If you see a mother breastfeeding in public, its because her baby is hungry. She most probably feels just as awkward as the person rushing by with a stare of disgust. But I tell ya… babies (particularly newborns) are the most demanding little creatures when they’re hungry. A mother has no choice but to feed “it”.
Most mothers prefer to breastfeed their babies because it nurtures their baby’s health, growth, immunity and development. Breast milk contains antibodies that helps a baby’s brand new body fight off viruses and allergies. It works like magic! Raising our daughters on breast milk for the first few months of their lives was the best thing. They benefited greatly from it. It is the most healthiest milk out and rare. Rare? well, yeah. It’s the one thing that can’t be commercially bought, a monopoly held only by mothers.
In saying all of this… 🙂
I dreaded breastfeeding in public.
Only because it took a while for me to learn the different techniques of covering and positioning. It was a horrifying experience. But over time I got better where I was able to breastfeed more confidently and discreetly without anyone recognizing. I had a few mothers say “you shouldn’t have to be discreet about it, it’s natural”. True, it is natural. But I personally choose to be discreet because it’s my way of being considerate of the other shoppers, consumers or passer-by.
Then you get people who like to make it their business and voice their opinions about you breastfeeding in public. Covered or not they will scowl at you. Why is that? To be honest I’m not sure, but I think it has something to do with breasts. They seem to not get past the word “breast” to “feed”, feeding a baby. If we called it something else, like “feeding” or “babyfeeding” the brain would probably start associating the act with providing a necessity and not merely a body part. Really?
Who knows… I’m not even gonna get into it…
I want to talk about something more motivating, like how you can have a better experience while breastfeeding in public, particularly for first time mommas. I compiled 7 quick tips you can follow while you’re out with your baby.
1. Know your rights: Educate yourself about your rights to breastfeed in public. Do some research and find out if there are laws that protect you breastfeeding in public. In NZ there is no particular law that grants a mom the rights to breastfeed in public areas. However, under the Human Rights Commissions Act 1977 moms are protected from being discriminated against as a woman and fulfilling her motherhood duties, breastfeeding is one of them. Your baby has the human right to food, which is temporarily breast milk. If you’re treated unfairly it can be deemed as a form of sex discrimination.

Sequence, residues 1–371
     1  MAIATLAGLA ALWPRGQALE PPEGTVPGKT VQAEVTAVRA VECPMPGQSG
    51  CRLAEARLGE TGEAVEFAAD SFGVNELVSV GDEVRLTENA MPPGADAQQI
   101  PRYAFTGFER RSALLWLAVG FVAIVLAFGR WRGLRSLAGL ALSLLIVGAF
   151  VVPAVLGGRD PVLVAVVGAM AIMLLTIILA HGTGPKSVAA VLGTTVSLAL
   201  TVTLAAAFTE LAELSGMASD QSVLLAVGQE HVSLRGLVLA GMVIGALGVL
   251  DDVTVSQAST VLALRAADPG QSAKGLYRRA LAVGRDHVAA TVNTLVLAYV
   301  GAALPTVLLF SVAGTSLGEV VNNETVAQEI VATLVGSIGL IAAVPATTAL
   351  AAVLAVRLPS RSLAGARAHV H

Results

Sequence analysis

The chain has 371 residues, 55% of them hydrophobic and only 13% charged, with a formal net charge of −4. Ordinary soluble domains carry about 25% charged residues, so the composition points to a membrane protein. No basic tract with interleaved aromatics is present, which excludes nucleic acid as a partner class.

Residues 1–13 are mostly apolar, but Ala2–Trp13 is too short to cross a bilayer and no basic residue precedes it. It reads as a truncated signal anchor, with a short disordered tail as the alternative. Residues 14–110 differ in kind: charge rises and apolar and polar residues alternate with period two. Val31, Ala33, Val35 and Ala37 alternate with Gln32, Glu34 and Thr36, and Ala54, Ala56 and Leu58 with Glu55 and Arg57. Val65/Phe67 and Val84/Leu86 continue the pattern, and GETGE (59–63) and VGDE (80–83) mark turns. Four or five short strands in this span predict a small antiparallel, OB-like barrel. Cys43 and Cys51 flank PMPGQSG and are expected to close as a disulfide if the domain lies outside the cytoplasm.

2. Ask questions: Ask your mom, sisters, aunties, friends and anyone you know who has breastfed their baby. How they managed to feed their babies in public areas. You can even do a little research online, look for mommy groups on Facebook, there are plenty. If you have any concerns or worries, ask. Without a doubt you will find an answer.
3. Comfortable clothing: Wear clothes you feel comfortable to breastfeed in that requires less fiddling and shifting. A couple of clothing to consider are nursing tops, shirt with buttons or tops with a stretchy neckline. By the time I had my second baby, I was a dedicated and confident nursing mom. I would wear a tank top underneath and a pretty top over it. When it was time to feed, I would pull the bottom layer down from the neckline and lift the top layer up. Not only does this technique serve as a second security if the blanket falls, but it keeps everything else tucked and covered. Voila!
4. Pick your spot: If you’re out with your friends or family and your baby is due for a feed, scan the area and pick a spot. Choose a space you will feel most comfortable to feed. I normally like to find a corner or an area with a wall behind me to safely lean on.
5. Cover-up: As mentioned above, I prefer to cover up when I’m breastfeeding in public. I would always pack a light blanket or my poncho. I quite like the poncho because it sits securely around my neck, over my back and front. There are also the commercial nursing covers (like this). Or you can be creative and make your own.
6. Be confident: Own it! Let your hair down and enjoy your time out with your baby. You have every right to be out savouring public interaction whilst appreciating your motherhood duties of feeding your baby.
7. Plan your response: Be prepared for comments or remarks that may fly your way. Just squirt them in the face. Kidding! Please, Don’t do that.How should you respond? I think I’ll leave that up to you. 😉
And there you have it. Breastfeeding in public at its best! What has your experience been like? Leave a comment below and tell me all about it…